Social Work in Mental Health
anxiety disorders, cognitive behavioral interventions, meta-analysis, mindfulness, social work practice
Increasingly popular mindfulness intervention innovations seem demonstrably effective in alleviating anxiety among people with anxiety disorders. However, the basis of such primary and synthetic evidence has, for the most part, been comparisons with non-active comparison conditions such as waiting lists. The longest-standing and strongest evidence-informed practices in this field have been cognitive behavioral interventions (CBI). This meta-analysis synthesized evidence from nine randomized trials of the relative effectiveness of mindfulness interventions compared to CBIs (i.e., active control groups) in treating anxiety disorders. The sample-weighted synthesis found no statistically or practically significant differences between the two groups on anxiety alleviation: Cohen’s d = - 0.02 (95% confidence interval = - 0.16, 0.12). Both groups enjoyed large clinical benefits. However, because mindfulness methods may require less professional training and take less time for both workers and clients to master, they are probably less expensive to provide. As they are probably less expensive, but equally effective, it seems that, in a cost-beneficial sense, mindfulness interventions may be more practically effective. These review-generated meta-analytic findings and inferences may be best thought of as developed hypotheses for future research testing. These and other future research needs are discussed.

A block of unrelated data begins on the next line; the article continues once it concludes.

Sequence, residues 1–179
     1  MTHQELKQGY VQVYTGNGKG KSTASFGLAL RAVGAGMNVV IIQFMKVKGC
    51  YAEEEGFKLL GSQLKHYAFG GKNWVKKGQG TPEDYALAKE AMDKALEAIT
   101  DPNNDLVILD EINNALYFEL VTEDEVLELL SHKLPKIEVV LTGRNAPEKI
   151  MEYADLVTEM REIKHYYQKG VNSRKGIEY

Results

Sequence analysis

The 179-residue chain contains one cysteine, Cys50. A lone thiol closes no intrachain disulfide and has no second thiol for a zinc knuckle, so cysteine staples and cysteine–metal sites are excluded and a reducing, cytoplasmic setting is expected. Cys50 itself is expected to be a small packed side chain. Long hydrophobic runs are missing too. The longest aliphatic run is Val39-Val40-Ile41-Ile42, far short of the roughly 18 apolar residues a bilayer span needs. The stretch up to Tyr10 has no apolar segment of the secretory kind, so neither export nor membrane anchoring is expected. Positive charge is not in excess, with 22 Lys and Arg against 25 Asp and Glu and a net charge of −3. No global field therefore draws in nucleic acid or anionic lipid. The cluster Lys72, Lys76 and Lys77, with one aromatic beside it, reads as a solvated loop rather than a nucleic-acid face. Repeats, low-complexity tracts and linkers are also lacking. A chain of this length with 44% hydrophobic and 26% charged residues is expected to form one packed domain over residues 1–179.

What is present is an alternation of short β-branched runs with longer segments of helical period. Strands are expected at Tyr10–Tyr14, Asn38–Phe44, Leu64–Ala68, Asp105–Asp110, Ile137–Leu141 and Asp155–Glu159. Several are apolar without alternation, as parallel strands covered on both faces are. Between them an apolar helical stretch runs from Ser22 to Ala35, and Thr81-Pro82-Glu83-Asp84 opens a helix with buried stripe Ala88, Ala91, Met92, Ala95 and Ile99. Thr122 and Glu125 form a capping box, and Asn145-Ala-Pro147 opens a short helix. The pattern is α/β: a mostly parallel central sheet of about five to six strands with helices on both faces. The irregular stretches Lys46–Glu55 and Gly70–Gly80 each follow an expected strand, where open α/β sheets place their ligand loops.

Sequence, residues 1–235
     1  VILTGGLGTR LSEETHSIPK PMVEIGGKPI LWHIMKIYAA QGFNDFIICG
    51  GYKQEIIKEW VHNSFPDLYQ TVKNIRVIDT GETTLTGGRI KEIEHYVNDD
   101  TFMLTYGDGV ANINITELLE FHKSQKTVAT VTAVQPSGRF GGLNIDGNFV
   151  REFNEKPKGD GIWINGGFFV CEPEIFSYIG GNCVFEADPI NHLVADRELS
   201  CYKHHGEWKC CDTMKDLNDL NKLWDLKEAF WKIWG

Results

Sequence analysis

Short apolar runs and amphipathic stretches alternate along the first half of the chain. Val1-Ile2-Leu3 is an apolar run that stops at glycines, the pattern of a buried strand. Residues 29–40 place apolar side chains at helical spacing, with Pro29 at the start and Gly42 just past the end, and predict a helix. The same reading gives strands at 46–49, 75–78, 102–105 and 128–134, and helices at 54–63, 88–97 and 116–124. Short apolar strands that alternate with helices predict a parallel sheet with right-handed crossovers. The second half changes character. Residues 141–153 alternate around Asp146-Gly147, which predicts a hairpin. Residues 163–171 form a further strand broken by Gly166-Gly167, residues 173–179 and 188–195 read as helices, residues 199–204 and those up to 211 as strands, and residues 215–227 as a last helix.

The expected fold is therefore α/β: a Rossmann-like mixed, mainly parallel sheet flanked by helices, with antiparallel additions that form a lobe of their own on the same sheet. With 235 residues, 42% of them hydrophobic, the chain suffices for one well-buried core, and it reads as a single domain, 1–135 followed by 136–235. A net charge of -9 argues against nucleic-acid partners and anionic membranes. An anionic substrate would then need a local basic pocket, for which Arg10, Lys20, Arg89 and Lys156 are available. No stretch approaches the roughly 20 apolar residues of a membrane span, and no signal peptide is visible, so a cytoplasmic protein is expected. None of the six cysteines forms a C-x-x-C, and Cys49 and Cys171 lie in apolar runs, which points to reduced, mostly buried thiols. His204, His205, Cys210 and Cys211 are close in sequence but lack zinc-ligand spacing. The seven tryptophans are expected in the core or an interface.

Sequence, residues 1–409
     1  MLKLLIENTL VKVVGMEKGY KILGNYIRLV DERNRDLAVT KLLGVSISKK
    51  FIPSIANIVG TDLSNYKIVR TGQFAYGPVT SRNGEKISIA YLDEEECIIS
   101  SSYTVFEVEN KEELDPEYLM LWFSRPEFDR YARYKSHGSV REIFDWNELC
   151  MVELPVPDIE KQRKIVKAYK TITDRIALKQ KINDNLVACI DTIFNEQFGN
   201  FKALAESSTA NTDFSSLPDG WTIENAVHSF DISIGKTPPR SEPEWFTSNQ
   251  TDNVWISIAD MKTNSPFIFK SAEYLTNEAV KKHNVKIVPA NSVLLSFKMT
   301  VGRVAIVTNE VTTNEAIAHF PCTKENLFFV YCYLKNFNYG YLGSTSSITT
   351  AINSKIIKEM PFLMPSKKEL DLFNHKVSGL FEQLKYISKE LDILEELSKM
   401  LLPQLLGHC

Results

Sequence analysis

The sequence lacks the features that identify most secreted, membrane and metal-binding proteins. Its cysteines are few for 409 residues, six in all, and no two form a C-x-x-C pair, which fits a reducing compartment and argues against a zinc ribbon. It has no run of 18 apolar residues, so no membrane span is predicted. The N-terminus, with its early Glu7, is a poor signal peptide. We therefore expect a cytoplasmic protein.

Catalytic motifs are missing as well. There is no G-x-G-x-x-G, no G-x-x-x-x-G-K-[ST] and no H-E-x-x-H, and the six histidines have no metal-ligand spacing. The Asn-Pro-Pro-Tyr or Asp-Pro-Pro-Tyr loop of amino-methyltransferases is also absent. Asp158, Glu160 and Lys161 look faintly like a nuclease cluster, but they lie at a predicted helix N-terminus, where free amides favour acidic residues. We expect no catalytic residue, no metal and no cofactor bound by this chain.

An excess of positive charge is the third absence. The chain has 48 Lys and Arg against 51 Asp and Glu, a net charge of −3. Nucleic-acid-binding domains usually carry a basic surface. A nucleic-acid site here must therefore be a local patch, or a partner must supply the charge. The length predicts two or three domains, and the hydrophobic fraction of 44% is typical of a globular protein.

Singh, Samina K. and Gorey, Kevin M.. (2018). Relative effectiveness of mindfulness and cognitive behavioral interventions for anxiety disorders: Meta-analytic review. Social Work in Mental Health, 16 (2), 238-251.
Available for download on Wednesday, January 30, 2019
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